Life in The Huron Tract

[ Scene from a Logging Bee, 1880, Unknown, D.B. Weldon Library, University of Western Ontario AP5.C13 ]Life for the pioneer in the Huron tract was much the same as anywhere else in Upper Canada. [...] To the early settler, the bush was something to be removed as soon as possible [...]

Next to the selection of a lot was the building of a temporary shelter until a larger and more substantial building could be erected. The first permanent houses were of log construction on simple lines, plastered between the logs to keep out the wind.

[...]A good axeman could "chop" an acre of hardwood in a week, [...]

The routine of farming formed the chief part of every family, for each household was to a large extent dependent on its own produce for all necessities.[...]

Such a round of occupation made life full and varied but it left little time for other diversions. The few chances for meeting one's neighbours were eagerly seized upon as a means of merrymaking. Visits to the mill with a grist or for trade, township meetings or to the tavern gave the men a chance to hear and discuss the news. Such tavern sessions were at the bottom of most of the suits for assault or pleas for protection that made up a large part of the business of the courts and usually ended in all parties being bound over to the peace.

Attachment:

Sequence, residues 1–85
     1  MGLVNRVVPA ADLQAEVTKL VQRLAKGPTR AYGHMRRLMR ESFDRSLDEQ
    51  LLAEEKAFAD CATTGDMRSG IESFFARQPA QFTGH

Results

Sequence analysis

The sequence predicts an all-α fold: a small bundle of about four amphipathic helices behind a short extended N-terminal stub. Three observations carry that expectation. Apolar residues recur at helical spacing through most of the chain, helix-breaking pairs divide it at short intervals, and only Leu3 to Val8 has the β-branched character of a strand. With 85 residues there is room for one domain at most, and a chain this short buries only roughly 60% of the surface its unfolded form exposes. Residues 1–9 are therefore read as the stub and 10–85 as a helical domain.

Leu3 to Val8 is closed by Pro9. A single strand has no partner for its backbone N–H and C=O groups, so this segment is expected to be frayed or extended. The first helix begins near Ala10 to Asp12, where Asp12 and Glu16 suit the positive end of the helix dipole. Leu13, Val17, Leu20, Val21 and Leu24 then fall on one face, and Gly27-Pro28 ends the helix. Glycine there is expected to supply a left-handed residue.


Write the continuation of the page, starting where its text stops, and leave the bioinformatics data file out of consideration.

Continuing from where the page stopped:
The women of the household depended for new on the travelling pedlar and for social life on church meetings, weddings and funerals, or bees which usually ended in a dance.[...]

Source: Jennie Raycraft Lewis, "Sure An' This Is Biddulph" (Unknown: Biddulph Township Council, 1964). Notes: J.J. Talman Regional Collection, University of Western Ontario Archives.

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